Charlie Christian - The Radio Broadcasts 1939-1941
Download links and information about Charlie Christian - The Radio Broadcasts 1939-1941 by Charlie Christian. This album was released in 2001 and it belongs to Jazz, Bop genres. It contains 15 tracks with total duration of 46:51 minutes.
|Buy it NOW at:|
|Buy on iTunes $5.99|
|2.||Rose Room (In Sunny Roseland)||2:57|
|4.||Gone With "What" Wind||3:23|
|5.||The Sheik of Araby||3:54|
|6.||Six Appeal (My Daddy Rocks Me)||2:40|
|14.||Ida! Sweet As Apple Cider||2:35|
|15.||Solo Flight (Chonk, Charlie, Chonk)||2:39|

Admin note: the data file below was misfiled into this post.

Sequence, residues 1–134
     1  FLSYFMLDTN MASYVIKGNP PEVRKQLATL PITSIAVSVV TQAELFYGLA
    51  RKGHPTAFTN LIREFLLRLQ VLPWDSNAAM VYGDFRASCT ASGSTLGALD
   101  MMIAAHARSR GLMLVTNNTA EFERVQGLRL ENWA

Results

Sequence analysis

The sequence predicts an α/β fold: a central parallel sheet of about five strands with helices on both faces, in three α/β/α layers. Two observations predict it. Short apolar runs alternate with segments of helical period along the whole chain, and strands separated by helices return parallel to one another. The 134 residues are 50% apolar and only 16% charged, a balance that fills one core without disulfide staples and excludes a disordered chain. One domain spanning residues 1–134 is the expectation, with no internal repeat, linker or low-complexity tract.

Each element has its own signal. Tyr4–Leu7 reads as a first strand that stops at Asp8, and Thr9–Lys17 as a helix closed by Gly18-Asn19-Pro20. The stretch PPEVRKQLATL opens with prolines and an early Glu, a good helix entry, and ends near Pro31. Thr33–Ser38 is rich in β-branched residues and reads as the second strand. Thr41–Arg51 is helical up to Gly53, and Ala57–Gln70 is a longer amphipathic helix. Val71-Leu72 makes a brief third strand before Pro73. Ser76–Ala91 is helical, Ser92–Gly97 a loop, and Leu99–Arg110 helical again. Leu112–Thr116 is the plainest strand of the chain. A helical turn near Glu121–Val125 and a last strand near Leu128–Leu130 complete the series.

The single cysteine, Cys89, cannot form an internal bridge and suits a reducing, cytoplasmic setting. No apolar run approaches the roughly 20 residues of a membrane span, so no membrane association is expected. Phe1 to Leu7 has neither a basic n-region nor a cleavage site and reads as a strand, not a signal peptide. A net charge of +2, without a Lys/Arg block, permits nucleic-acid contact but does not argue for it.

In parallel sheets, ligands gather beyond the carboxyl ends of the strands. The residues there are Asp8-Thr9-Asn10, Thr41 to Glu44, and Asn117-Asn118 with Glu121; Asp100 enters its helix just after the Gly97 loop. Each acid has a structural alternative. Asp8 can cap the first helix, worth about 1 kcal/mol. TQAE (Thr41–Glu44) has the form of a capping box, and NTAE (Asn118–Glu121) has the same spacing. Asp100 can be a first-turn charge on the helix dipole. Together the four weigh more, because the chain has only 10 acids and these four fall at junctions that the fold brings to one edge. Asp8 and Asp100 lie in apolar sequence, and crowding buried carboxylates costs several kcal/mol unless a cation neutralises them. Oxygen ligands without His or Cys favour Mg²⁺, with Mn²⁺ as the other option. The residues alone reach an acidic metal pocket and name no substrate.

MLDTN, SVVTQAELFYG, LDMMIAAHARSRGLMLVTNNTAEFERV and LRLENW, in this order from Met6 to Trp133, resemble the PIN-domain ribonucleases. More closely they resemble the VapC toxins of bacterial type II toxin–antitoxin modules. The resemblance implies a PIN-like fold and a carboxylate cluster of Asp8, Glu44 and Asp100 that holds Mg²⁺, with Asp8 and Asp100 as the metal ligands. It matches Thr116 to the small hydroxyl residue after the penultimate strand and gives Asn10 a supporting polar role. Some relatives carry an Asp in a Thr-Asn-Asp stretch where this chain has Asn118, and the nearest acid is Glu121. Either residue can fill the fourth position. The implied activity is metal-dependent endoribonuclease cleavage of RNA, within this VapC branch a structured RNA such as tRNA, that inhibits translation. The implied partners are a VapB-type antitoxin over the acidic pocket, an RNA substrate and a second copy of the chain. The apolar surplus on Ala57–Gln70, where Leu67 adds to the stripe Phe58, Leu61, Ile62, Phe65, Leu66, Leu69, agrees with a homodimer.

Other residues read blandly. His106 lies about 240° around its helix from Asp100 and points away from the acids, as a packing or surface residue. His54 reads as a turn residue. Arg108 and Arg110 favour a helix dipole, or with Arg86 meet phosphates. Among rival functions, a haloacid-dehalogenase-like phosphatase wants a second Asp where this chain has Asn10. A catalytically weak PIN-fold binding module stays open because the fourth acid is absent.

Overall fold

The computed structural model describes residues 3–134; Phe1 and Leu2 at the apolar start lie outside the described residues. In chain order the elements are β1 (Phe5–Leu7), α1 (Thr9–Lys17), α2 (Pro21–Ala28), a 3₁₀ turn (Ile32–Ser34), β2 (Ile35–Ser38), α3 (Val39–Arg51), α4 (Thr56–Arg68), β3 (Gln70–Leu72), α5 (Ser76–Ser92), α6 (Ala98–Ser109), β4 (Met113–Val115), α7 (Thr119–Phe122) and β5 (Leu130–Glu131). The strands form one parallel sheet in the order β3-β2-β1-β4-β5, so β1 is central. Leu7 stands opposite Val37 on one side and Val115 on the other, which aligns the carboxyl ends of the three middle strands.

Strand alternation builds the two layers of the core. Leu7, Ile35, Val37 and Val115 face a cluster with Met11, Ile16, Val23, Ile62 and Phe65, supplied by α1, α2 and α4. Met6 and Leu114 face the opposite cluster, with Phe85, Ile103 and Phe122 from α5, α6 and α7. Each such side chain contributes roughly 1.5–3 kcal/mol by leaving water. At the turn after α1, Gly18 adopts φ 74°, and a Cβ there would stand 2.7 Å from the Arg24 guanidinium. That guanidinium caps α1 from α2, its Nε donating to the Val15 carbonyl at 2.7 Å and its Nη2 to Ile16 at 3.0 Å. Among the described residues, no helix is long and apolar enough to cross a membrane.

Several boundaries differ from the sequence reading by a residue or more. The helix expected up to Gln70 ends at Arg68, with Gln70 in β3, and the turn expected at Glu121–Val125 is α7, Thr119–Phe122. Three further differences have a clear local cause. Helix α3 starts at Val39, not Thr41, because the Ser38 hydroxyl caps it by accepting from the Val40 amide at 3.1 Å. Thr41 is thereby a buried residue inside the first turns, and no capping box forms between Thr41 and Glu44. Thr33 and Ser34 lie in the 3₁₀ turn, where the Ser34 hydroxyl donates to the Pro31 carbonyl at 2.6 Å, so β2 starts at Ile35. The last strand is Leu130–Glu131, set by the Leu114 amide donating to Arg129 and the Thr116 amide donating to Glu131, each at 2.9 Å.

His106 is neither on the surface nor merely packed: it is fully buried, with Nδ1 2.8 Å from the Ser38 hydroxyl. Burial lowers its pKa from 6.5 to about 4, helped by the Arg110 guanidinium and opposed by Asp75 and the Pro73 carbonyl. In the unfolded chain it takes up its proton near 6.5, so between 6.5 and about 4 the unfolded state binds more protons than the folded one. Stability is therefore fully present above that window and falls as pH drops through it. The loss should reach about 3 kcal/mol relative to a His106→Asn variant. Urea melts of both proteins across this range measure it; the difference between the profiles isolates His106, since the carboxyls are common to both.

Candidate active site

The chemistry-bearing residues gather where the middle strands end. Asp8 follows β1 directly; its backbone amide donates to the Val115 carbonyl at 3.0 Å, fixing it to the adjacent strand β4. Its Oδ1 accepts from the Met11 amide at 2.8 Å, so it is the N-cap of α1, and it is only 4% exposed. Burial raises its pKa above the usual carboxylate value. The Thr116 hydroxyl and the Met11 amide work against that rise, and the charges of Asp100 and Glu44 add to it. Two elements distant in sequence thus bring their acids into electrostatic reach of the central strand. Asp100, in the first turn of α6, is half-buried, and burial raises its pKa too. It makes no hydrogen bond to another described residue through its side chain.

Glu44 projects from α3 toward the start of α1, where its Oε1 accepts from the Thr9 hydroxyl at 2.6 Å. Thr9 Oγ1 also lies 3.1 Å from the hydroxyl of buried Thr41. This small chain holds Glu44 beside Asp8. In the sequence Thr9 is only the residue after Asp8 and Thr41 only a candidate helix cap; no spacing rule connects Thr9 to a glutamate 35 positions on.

When people hear the term "electric jazz," they usually think of fusion, soul-jazz or crossover jazz. But the use of electric instruments in jazz actually goes back to the late 1930s, when Eddie Durham became the first person to record jazz on the electric guitar. Charlie Christian was right behind him, but while Durham only played the guitar part of the time (he was also a trombonist), Christian was a full-time guitarist — and it was he who, more than anyone, made countless swing and bop players want to play the electric guitar. This excellent CD is full of electric guitar solos that were way ahead of their time. Although Benny Goodman is actually the leader on these live performances of 1939-1941, Christian is featured prominently on swing era favorites like "Flying Home" and "Rose Room." All of these performances (which took place at Carnegie Hall, Madison Square Garden, and other venues) were broadcast over the radio (during the this time, live broadcasts of swing concerts were quite plentiful). You have to remember that in those pre-bebop days, jazz was part of pop culture. Goodman, Glenn Miller, and other swing icons helped define popular culture in the 1930s and early 1940s, just as the Beatles would define popular culture in the 1960s. So, by hooking up with Goodman, Christian brought his guitar solos to a very large audience. The improviser influenced everyone from country honky-tonkers to beboppers, but, tragically, he didn't live long enough to see how great an impact he had on bop guitarists — his death from tuberculosis in 1942 at the age of 25 came about three years before the bebop revolution officially got underway. This fine collection paints an exciting picture of a jazzman who, like Clifford Brown, remained influential long after his untimely death.